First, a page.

Taiwan is racing to set up specialised "chip schools" that run year-round to train its next generation of semiconductor engineers and cement its dominance of the crucial industry.
The plan, championed by President Tsai Ing-wen, comes as chip companies plough billions of dollars into capacity expansion to make the "brains" that power everything from smartphones to fighter jets, amid a global shortage.
Chip giant TSMC this year alone will spend up to US$44 billion and hire more than 8000 employees.
Jack Sun, who retired as TSMC's chief technology officer in 2018 and became dean of one of the new semiconductor graduate schools last year, told Reuters that chip companies need a lot more and better talent to compete on the global stage.
"Indeed, I'm devoting some of my golden years to talent development," Sun said with a laugh, before pointing out that his former TSMC colleague Burn Lin is older and the dean of another chip school.
Sun and Lin, industry heavyweights turned educators, embody the government's strategy of strengthening industry-academia ties to remain a critical node in the global chip supply chain.
"In the cultivation of semiconductor talent, we are racing against time," Tsai said in December at the unveiling of National Tsing Hua University's College of Semiconductor Research.
Taiwan's government has partnered with leading chip companies to pay for these schools. The first four were established at top universities last year, each with a quota of about 100 master's and PhD students, and another has been approved, the education ministry said.
"I specifically requested these schools stay open year-round, without winter and summer breaks, so that we can quickly produce talent," Tsai said at another unveiling.
The chip talent shortage is a top concern for the government, which considers the industry critical to economic growth and national security, especially as China steps up military pressure to assert its sovereignty over Taiwan.
Even before the global chip shortage, companies worried a talent crunch could hobble the booming industry, said Terry Tsao, president of the SEMI Taiwan industry group.
In September 2019, Tsao and about 20 Taiwanese and foreign chip executives met with Tsai and urged the government to address the issue.
"Everyone thinks this is the top priority," Tsao said.
Now, as countries pledge billions for domestic chip production and companies scramble to build new plants, the need for people to design, manufacture and test chips has intensified.
In the fourth quarter of 2021, there were close to 34,000 chip industry job openings a month on average on 104 Job Bank, a popular Taiwan recruitment platform, about 50 percent more than a year earlier, according to data provided by 104.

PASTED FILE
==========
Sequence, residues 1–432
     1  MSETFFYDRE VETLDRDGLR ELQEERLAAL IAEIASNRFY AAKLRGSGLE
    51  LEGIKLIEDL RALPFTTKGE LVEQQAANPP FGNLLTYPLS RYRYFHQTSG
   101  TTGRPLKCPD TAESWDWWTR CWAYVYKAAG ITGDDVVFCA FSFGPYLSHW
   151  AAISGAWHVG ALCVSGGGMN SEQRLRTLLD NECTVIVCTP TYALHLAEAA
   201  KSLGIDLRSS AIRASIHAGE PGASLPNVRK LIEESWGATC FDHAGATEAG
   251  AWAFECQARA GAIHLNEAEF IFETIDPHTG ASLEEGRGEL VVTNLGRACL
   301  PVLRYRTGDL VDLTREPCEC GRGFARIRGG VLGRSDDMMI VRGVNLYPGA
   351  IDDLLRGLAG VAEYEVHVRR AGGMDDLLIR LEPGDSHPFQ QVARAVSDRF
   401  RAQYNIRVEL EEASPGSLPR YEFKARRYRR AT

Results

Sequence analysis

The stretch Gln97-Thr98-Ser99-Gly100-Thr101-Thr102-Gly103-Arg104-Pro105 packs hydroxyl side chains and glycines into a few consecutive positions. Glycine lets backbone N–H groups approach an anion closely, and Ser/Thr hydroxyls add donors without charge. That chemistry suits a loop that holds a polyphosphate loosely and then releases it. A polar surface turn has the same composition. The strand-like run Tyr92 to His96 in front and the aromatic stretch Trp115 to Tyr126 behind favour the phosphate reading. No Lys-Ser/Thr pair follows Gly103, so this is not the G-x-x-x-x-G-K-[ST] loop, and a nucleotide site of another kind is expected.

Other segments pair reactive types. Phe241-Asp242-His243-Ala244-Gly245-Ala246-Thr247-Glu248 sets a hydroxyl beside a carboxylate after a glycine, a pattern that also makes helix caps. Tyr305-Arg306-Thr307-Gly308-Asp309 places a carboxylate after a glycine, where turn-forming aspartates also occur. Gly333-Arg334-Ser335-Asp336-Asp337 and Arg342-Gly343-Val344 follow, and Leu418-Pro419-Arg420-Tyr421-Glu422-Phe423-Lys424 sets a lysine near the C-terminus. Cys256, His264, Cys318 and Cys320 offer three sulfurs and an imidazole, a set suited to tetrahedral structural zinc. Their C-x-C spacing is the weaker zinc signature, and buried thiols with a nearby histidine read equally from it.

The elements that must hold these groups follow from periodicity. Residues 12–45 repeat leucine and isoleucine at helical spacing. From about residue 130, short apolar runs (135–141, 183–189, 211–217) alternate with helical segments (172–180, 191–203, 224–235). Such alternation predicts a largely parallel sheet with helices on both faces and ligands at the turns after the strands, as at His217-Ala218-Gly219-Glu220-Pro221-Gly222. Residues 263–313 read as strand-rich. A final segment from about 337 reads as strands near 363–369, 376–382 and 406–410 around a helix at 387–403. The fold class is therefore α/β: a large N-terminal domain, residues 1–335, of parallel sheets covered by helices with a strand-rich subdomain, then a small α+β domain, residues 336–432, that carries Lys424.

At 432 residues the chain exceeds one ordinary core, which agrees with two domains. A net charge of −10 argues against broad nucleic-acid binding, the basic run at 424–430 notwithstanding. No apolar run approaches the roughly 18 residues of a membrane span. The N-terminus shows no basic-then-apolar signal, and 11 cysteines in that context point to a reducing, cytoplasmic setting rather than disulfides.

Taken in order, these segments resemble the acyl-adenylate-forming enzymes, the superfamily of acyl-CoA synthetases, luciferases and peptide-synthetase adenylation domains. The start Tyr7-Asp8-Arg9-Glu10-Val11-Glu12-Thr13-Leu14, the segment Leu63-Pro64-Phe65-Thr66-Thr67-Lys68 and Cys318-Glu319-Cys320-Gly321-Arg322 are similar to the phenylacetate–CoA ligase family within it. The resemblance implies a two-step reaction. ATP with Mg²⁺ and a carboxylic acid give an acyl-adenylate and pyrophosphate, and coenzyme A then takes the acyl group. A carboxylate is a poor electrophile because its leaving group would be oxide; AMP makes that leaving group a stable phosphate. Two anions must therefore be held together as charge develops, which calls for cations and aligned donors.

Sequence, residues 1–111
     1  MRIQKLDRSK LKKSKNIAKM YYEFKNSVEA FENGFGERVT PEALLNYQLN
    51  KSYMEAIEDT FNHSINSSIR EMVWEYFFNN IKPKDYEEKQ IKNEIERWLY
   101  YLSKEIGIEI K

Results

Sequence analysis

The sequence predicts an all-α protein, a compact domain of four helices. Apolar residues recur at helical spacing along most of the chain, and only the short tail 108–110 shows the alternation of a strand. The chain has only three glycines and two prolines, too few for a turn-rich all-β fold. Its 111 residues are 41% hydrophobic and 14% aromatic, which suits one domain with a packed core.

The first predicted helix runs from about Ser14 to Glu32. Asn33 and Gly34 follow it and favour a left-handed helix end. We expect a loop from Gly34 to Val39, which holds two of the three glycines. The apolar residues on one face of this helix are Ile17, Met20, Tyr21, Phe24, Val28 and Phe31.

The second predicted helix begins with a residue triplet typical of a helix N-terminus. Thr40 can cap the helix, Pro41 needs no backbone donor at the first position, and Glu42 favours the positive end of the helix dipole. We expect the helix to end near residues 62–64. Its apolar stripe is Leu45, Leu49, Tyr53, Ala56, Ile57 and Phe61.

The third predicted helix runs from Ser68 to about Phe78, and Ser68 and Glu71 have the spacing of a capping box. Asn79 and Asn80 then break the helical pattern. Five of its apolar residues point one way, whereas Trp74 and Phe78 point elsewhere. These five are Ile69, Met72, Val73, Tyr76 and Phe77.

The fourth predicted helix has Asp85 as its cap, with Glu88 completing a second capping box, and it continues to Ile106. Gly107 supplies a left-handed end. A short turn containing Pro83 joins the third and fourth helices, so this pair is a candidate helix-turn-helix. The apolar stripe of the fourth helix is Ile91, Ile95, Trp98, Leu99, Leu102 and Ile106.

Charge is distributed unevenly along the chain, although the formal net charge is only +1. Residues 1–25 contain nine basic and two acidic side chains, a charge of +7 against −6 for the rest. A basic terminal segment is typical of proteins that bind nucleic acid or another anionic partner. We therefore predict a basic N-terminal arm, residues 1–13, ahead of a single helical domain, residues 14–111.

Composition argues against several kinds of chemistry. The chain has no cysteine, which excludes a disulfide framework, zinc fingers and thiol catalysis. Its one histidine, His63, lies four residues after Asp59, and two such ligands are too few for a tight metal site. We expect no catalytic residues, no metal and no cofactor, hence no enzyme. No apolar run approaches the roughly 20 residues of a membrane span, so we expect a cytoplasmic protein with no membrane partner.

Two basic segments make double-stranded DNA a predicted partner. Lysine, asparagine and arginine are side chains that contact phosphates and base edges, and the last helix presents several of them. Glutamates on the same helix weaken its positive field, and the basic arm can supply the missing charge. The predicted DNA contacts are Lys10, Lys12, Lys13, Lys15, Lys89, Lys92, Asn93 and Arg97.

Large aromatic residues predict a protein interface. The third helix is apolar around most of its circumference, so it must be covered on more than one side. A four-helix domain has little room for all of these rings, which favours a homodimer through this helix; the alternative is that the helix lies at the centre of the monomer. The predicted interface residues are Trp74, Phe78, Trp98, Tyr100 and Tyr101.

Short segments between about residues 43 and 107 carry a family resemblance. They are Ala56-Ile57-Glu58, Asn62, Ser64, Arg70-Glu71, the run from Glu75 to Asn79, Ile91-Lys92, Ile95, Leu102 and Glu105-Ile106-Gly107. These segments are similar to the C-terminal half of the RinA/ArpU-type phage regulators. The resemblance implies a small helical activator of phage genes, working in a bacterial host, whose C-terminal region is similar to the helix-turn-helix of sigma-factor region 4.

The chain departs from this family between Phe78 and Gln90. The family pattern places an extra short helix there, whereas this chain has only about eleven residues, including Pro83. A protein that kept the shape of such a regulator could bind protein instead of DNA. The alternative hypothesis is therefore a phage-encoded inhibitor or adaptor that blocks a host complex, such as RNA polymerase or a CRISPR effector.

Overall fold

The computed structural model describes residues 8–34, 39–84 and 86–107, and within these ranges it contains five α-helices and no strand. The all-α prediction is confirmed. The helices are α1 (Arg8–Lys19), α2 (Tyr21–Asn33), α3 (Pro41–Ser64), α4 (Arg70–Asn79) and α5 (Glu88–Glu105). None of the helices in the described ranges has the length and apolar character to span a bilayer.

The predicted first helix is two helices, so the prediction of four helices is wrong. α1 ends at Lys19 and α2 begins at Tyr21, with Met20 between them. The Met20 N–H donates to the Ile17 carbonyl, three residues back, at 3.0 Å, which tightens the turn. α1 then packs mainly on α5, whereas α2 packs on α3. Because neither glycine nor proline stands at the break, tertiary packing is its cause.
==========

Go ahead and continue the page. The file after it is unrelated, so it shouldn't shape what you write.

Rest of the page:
Although demand for workers has soared, Taiwan - with one of the world's lowest birth rates - has been producing fewer engineers over the past decade. Even fewer are enrolling in the doctoral programmes that best prepare engineers to develop breakthrough technologies.
Competing over a limited pool, Taiwan companies have rolled out higher wages, longer parental leave, billboard ads and scholarships to poach engineers from other firms and recruit fresh talent from campuses.
Taiwan can no longer sustain local industry's needs, and foreign competition will further affect its long-term research and development (R&D) talent development, said chip designer MediaTek, which this year plans to recruit more than 2000 R&D employees and double its number of summer interns to lock in talent earlier.
Companies are also looking abroad. Taiwan chipmaker United Microelectronics, which plans to recruit more than 1500 new employees in Taiwan this year, told Reuters it is expanding its overseas recruitment channels.
Narrowing the gap
Last May, Taiwan passed a regulation to make it easier for schools and companies to collaborate in key fields of national interest, paving the way for chip schools.
The looser rules allow these schools to bring in corporate funding and increase faculty pay.
Beyond funding, companies will help design curricula, send executives to give talks, and provide chip experts to teach courses and advise research projects.
As chip technology develops rapidly, "there is a gap between what you study and what you need to use at the company," said Su Yan-kuin, dean of the chip school at National Cheng Kung University, in his office, while workers assembled beams next door.
"We work closely with industry, connecting industry and academia, thus narrowing the gap."
Lin Chun-yu, 24, an incoming PhD student at Su's school, will receive US$1,411 a month, a stipend PhD students in Taiwan do not typically get.
"Close collaboration with the industry now will be very helpful for my studies and for employment," he said.
While some in Taiwan are concerned a singular focus on semiconductors will come at the cost of other industries, others say such costs are necessary.
"It will create imbalances in the ecosystem," said Yeh Wen-kuan, director of the Taiwan Semiconductor Research Institute, about the chip schools attracting students from other fields.
"But there's no other choice right now. Taiwan's lifeblood, you have to first hold onto it. If you don't hold onto it, how can you let Taiwan's economy progress?"